PHP Patterns, Part I

Sep27
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By SiteCrafting Staff

This is the first in a planned series of articles discussing the application of various PHP patterns. If you're still getting your feet wet developing in PHP (or programming languages in general), you may be wondering what a "pattern" is in the first place. The best place to find a quick explanation is over in Wikipedia's article (which does a much better job than I could hope to do within the scope of this article).

Now, let's move on to the fun part . . .





I. The Registry Pattern, an Introduction
I am going to kick off this series by introducing you to the registry pattern. First, imagine you are deep into a complex web application and you come to the realization that you have several objects that all require access to your database. Your first inclination may be to simply have each class initiate their own connection to the database and use it as they please. But then you'll start to hear that little voice in the back of your head, screaming something about how you're needlessly wasting valuable system resources and bandwidth. Naturally you ask what else you could do - this is where  a registry comes in handy.

A registry object basically acts as a container for objects that you want to be universally accessible throughout your project, while avoiding the use of . . . gulp . . . global variables! You'll find that its implementation is fairly simple, but extremely powerful and convenient.

II. Class Definition
Let's take a look at what a registry class is made of:

class Registry {
    protected
$_objects = array();

    function
set($name, &$object) {
       
$this->_objects[$name] =& $object;
    }

    function &
get($name) {
        return
$this->_objects[$name];
    }
}


Look at that! Pretty short and sweet eh? Now let's rip it apart and see what each component does:

  1. Following the class definition, we have a protected class variable called $_objects which is an array that holds all the objects that are added to the registry.
  2. Next we find our first function called set which is inherently public. This function is used to add an object instance to the registry. You pass it the object instance, and pick a friendly name to remember it by (don't forget it, you'll need it later!).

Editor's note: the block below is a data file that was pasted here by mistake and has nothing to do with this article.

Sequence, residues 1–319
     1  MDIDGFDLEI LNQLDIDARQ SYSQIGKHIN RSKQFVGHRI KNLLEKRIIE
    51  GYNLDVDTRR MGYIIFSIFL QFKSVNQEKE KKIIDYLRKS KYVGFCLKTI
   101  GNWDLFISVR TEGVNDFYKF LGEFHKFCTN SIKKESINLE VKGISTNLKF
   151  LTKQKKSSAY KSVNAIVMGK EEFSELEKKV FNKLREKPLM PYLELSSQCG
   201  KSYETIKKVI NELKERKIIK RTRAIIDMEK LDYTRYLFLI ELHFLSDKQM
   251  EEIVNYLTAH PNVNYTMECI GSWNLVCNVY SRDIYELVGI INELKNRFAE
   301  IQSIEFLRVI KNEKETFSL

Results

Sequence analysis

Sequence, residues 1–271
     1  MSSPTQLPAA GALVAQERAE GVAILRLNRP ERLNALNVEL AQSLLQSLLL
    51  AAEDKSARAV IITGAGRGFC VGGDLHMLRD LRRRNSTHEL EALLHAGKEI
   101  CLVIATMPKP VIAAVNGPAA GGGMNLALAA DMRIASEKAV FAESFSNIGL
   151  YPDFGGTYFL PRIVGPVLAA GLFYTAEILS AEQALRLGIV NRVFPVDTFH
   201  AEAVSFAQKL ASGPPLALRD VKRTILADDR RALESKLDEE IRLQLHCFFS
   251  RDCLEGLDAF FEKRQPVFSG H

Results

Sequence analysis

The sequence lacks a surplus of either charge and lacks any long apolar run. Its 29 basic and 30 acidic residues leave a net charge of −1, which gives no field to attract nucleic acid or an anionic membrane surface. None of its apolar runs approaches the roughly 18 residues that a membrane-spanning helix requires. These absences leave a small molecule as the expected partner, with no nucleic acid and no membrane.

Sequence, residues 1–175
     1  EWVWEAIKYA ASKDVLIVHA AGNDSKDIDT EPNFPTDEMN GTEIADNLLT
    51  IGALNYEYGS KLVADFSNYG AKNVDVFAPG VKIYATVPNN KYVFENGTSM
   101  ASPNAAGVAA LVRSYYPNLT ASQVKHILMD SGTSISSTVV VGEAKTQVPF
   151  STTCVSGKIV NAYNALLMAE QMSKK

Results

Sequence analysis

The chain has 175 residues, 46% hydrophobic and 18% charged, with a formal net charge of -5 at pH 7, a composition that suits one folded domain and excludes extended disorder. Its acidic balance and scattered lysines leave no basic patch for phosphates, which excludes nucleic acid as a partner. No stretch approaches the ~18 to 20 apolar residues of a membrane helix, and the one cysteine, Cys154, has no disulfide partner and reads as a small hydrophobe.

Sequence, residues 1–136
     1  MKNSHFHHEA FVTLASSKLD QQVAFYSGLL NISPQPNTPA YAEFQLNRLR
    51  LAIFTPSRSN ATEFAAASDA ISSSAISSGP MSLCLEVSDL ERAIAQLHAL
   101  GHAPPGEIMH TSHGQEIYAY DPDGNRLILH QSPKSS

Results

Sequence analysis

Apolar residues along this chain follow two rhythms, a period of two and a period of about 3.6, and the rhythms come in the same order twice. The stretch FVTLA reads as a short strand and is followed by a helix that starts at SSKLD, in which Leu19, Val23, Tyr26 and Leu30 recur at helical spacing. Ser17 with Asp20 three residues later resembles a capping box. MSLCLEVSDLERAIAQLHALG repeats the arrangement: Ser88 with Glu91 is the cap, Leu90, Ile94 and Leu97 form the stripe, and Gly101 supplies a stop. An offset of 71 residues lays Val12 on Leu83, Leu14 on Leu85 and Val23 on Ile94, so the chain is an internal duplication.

3. Finally we have our second and final function get which retrieves an object previously added to the registry. Simply supply the friendly name you picked earlier and it will return the instance to you.

    You may be wondering what that ampersand (&) is doing up in front of the function name. This tells the function to return the object by reference rather than making a copy of it and returning the copy (which would make all this work pointless, since we again would be wasting resources). This means that any changes or actions performed on the object will be reflected everywhere else it is used in your application.

III. Less Talk, More Action!
Now that we have the basic concept outlined, let's take a look at how we might use our new creation. Let's say we have a simple class that returns a user's name, and another class that checks if a given user has "admin" status. In practice you would probably group this functionality into a single class, but for the sake of illustration we will pretend Captain Obvious is on vacation:

// First we create our database and registry
// objects
$db = new databaseConnection();
$registry = new registry();

// Then we add the db object to the registry
// It will now be available anywhere the registry
// is also available!
$registry->add("database", $db);

// Now we create the objet that gets our username
// and checks for admin status
$user = new username($registry);
$admin = new admin($registry);

$username = $user->getUser(12);
$isAdmin = $admin->check($username);

// Finally, we display the user's info
echo("Username: ".$username."<br />");
echo(
"Is Admin? ".$isAdmin);


Now, you'll have to use your imagination to see how the two objects are able to use the same database instance, but let's take a peek into what they both do:

//----- snip -----

// First they get the database object from the
// registry
$databaseObj = $registry->get("database");

// Then they use it as they see fit
$databaseObj->query("SELECT username FROM users".
    " WHERE id=$userId"
);

//----- snip -----


Congratulations, you have just learned how to create and use a registry! Now go forth and use what you have learned to write more efficient code!


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